Could the San Antonio Spurs Be the Lakers’ Russell Westbrook Offramp?
While it won’t make them championship contenders this year, trading Russ and one unprotected first round pick to the Spurs could help the Lakers enjoy a winning year while also setting them up for a mega next summer.
The Lakers trade strategy this offseason has evolved to not giving up both draft picks, not taking back more salary than sending out, and not taking back long-term contracts that would reduce open cap space next summer. Sticking to that strategy and refusing to include a second first round pick cost the Los Angeles Lakers a chance to trade with the Pacers for Myles Turner and Buddy Hield or trade with the Jazz for Bojan Bogdanovic.
While it lacks the big names of the Pacers or Jazz trades, the Spurs trade would only cost Lakers one pick, enable them to win more games this year, and better position them to enjoy a blockbuster offseason next summer.
1. Spurs Provide Lakers’ Westbrook Offramp
This trade has the Los Angeles Lakers trading Russell Westbrook and their 2027 unprotected first round draft pick to the San Antonio Spurs for Jakob Poeltl, Josh Richardson, and a $25.4 million Traded Player Exception.
By adding Poeltl, who would be the starting center, and Richardson, who would be the starting shooting guard, the Lakers would immediately upgrade their starting lineup and improve their shot at a winning season. Just as importantly, dumping Westbrook would have left them with two key trading chips in the form of the $25.4 million TPE and their 2029 first round draft pick to use for a mega upgrade at the trade deadline or next summer.
The $25.4 million TPE would give the Lakers incredible financial flexibility. They could use it all on one star or split it up between two or three players. They could allow part of it to expire to avoid the luxury tax repeater status. The Lakers could use the TPE to acquire players on expiring contracts so they could create as much open cap space as possible for free agents next summer. Or sign players on two-year deals to sync with James and Davis.
Best of all, the Spurs trade provides the Los Angeles Lakers with an offramp from Russell Westbrook and the inevitable chaos that bringing him back would put the team and their new head coach through.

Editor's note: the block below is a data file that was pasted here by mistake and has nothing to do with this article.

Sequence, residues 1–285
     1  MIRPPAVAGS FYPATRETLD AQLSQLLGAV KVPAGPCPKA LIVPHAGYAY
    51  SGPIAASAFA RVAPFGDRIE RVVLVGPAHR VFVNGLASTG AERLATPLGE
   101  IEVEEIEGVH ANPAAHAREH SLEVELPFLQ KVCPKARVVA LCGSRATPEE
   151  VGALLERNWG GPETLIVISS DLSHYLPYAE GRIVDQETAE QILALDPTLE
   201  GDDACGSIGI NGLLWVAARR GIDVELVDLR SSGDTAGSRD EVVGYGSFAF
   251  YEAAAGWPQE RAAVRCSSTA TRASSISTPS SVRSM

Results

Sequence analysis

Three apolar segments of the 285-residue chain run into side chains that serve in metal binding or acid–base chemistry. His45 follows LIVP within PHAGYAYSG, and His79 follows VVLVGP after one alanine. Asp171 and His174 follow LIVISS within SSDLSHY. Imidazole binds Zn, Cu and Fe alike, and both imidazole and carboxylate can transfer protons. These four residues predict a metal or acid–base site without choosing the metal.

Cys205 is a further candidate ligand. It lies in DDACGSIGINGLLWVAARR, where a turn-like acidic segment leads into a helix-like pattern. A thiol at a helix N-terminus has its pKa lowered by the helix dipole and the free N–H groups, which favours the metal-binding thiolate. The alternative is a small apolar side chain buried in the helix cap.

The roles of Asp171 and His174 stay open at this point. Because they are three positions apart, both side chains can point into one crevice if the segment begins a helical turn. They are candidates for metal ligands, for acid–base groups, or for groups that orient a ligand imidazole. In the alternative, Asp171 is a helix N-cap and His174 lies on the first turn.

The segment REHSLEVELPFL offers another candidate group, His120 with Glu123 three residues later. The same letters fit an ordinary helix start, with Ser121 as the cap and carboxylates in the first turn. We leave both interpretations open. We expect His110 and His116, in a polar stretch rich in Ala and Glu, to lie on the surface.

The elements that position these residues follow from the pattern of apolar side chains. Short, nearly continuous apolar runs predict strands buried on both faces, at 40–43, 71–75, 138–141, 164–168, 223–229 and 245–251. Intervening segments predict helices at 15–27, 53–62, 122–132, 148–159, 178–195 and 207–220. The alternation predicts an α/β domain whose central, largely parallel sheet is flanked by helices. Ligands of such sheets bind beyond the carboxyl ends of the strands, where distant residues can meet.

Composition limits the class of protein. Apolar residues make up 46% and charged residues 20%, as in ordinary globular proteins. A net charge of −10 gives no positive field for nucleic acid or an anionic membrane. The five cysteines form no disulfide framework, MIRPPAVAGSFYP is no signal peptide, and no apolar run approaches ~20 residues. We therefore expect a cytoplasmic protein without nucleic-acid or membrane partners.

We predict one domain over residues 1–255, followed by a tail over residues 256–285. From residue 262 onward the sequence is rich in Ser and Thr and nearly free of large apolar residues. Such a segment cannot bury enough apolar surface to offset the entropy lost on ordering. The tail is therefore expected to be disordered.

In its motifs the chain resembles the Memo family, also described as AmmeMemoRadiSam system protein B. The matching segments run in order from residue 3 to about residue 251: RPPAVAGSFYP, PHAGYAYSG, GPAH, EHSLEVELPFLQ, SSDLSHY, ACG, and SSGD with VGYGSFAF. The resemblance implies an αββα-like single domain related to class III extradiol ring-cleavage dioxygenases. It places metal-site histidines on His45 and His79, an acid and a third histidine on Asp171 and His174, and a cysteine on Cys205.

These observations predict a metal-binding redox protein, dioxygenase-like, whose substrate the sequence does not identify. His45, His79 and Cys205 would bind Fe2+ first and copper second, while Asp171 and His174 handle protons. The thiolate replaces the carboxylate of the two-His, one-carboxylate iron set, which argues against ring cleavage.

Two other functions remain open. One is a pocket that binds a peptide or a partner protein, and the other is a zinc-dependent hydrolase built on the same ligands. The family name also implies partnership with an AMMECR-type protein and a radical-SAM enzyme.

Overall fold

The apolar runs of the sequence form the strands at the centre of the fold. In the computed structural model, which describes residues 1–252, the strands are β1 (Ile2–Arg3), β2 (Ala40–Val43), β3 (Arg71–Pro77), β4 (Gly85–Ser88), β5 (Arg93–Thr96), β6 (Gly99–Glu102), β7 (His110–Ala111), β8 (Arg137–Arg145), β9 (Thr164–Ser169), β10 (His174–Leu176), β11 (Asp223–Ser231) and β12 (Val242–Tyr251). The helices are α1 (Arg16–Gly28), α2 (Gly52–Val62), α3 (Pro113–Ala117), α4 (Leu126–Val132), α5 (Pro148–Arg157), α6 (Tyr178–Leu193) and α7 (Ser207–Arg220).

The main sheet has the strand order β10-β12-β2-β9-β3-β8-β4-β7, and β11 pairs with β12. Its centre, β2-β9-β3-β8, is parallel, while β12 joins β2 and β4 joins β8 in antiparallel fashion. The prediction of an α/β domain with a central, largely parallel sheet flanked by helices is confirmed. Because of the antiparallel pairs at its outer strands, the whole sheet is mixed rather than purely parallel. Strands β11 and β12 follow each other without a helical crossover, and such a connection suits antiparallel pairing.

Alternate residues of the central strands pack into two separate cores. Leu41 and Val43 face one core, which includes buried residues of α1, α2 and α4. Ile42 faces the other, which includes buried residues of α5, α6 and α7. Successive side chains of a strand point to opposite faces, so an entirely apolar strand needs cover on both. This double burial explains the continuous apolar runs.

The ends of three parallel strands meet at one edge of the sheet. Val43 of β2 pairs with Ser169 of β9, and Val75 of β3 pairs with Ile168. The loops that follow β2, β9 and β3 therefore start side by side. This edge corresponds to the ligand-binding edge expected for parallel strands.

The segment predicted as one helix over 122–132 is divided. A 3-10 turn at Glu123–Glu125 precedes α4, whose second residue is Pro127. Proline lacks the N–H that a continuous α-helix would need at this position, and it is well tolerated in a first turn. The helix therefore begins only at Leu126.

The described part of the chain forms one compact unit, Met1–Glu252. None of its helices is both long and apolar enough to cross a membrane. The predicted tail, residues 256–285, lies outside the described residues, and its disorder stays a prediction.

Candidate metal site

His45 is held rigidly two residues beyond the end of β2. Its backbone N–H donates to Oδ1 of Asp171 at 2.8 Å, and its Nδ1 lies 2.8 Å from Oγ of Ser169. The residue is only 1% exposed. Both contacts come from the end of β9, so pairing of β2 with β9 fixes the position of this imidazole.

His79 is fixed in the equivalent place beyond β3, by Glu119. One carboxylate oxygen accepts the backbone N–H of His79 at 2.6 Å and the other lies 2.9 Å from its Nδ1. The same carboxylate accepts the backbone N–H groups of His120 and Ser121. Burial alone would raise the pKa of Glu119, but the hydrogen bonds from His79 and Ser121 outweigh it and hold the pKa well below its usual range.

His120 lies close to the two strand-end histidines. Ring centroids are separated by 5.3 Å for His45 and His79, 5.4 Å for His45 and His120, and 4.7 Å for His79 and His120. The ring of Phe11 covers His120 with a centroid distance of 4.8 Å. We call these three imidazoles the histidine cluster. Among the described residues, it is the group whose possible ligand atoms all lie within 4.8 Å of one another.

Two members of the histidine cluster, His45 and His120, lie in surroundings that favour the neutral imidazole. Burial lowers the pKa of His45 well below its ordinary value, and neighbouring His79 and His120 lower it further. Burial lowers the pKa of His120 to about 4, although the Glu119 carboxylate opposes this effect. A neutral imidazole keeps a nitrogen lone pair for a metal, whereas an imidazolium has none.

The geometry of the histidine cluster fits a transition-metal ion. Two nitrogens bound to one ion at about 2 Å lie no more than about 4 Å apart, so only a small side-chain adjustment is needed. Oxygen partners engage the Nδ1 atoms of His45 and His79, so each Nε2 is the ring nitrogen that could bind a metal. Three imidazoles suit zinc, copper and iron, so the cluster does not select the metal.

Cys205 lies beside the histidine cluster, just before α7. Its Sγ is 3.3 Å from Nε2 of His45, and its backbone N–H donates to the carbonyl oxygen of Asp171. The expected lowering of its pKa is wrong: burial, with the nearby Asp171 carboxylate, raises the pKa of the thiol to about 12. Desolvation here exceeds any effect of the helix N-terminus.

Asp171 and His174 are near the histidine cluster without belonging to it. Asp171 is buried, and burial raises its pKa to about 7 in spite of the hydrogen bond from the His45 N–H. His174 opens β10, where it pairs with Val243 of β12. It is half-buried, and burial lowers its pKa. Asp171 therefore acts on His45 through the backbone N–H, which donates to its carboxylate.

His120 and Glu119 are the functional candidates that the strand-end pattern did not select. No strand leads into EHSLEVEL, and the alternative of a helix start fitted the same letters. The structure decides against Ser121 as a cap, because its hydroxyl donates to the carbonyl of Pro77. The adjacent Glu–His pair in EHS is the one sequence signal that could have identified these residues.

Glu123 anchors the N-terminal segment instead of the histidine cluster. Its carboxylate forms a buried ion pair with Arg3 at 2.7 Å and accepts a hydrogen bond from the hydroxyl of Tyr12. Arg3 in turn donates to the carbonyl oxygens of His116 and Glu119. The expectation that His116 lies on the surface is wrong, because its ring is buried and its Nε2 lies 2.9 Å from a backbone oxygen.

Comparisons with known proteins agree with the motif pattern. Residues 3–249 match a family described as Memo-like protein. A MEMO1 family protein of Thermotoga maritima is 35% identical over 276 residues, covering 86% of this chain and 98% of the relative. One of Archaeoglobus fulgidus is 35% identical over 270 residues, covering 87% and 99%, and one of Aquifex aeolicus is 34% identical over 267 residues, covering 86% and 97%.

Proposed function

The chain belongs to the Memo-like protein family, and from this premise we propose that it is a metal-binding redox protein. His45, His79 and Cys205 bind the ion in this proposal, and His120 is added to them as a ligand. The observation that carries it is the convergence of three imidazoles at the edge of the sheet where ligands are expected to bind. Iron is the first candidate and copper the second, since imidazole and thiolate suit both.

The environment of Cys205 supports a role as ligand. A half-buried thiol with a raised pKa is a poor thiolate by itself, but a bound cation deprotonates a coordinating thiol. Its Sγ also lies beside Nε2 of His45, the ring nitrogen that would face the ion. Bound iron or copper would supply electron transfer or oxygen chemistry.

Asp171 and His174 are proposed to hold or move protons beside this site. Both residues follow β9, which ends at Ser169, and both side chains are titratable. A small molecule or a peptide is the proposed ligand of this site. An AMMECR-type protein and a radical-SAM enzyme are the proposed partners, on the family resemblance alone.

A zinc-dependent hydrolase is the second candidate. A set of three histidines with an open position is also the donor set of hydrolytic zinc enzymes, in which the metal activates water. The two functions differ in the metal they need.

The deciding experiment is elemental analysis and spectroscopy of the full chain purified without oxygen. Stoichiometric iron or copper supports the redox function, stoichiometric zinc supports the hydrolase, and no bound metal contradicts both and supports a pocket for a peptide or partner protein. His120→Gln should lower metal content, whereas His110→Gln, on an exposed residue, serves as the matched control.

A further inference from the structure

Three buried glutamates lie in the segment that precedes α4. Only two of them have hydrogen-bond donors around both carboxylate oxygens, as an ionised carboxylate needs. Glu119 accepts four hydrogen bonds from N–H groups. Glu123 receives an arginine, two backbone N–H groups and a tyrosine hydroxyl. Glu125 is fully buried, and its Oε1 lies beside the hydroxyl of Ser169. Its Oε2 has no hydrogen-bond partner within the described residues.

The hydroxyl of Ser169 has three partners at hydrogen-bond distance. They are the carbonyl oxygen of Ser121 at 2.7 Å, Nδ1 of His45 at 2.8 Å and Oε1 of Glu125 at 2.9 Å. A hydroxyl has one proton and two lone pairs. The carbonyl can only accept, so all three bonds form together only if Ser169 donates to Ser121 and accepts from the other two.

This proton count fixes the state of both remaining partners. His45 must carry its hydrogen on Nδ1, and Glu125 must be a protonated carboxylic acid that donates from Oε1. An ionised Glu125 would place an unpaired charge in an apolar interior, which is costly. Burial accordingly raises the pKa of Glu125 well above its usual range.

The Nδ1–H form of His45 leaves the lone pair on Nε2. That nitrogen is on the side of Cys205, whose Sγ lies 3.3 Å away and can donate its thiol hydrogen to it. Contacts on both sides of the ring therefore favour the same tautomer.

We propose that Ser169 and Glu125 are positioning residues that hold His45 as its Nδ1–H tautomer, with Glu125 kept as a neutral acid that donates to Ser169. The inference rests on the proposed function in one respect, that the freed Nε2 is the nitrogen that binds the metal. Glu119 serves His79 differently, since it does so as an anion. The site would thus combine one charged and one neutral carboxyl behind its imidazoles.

2. How the Spurs Trade Helps the Lakers Win Now
While it doesn’t make the Lakers championship favorites, the Spurs trade provides the Lakers with two perfect plug-and-play players in Jakob Poeltl and Josh Richardson who dramatically upgrade their starting lineup.
Poeltl and Richardson slot perfectly into the Lakers’ rotation as starting center and shooting guard. Though a budget version of Turner and Hield, Poeltl and Richardson dramatically improve the Lakers’ starting lineup. While he’s not a stretch five and a poor free-throw shooter, Poeltl is an elite defensive center who ranked 7th in the league in blocked shots. Richardson gives the Lakers desperately needed 3-point shooting and wing size.
The $25.4 million TPE, however, is the grand prize from the trade as it will allow the Lakers to take one or more players in trade without having to send our salary in return. The TPE is good for one year from date of trade. At trade deadline, there will be teams looking to move players to avoid luxury taxes. The Lakers will have the option of only accepting players on minimum contracts to preserve cap space or multi-year contracts.
The Lakers have to trade Russell Westbrook as allowing his contract to expire make him a free agent and leave L.A. with James and Davis as their only tradeable contracts, which would leave them unable to make a trade.
3. How the Spurs Trade Helps the Lakers Next Summer
The Lakers could enter next summer with either $35 million in open cap space to pursue free agents or a trade portfolio with two first round draft picks and $45 million in tradeable contracts for a blockbuster upgrade.
Unfortunately, the Lakers can’t have their cake and eat it too. They will have to decide which route to go before the February 9, 2023 trade deadline so they can aggregate a portfolio of expiring or tradeable player contracts. Should they decide to pursue free agents, they will then need to convert all of their contracts other than James and Davis into expiring contracts to create cap space or multi-year contracts to to match salaries in a trade.
Unspoken but surely a factor in the Lakers’ overall strategy is finding a superstar replacement for Russell Westbrook and for 237-year old LeBron James. Still at the top of the Lakers’ most coveted list is Kyrie Irving. Pursuing Irving via free agency seems like a remote chance since he will demand far more than the $ 35 million the Lakers could offer. Lakers would have a better chance of acquiring Irving via a sign-and-trade deal.
In the end, the Lakers best option for a mega makeover next summer would be to use their two picks and $45 million in tradeable long-term contracts to trade for a third superstar to take over when LeBron retires.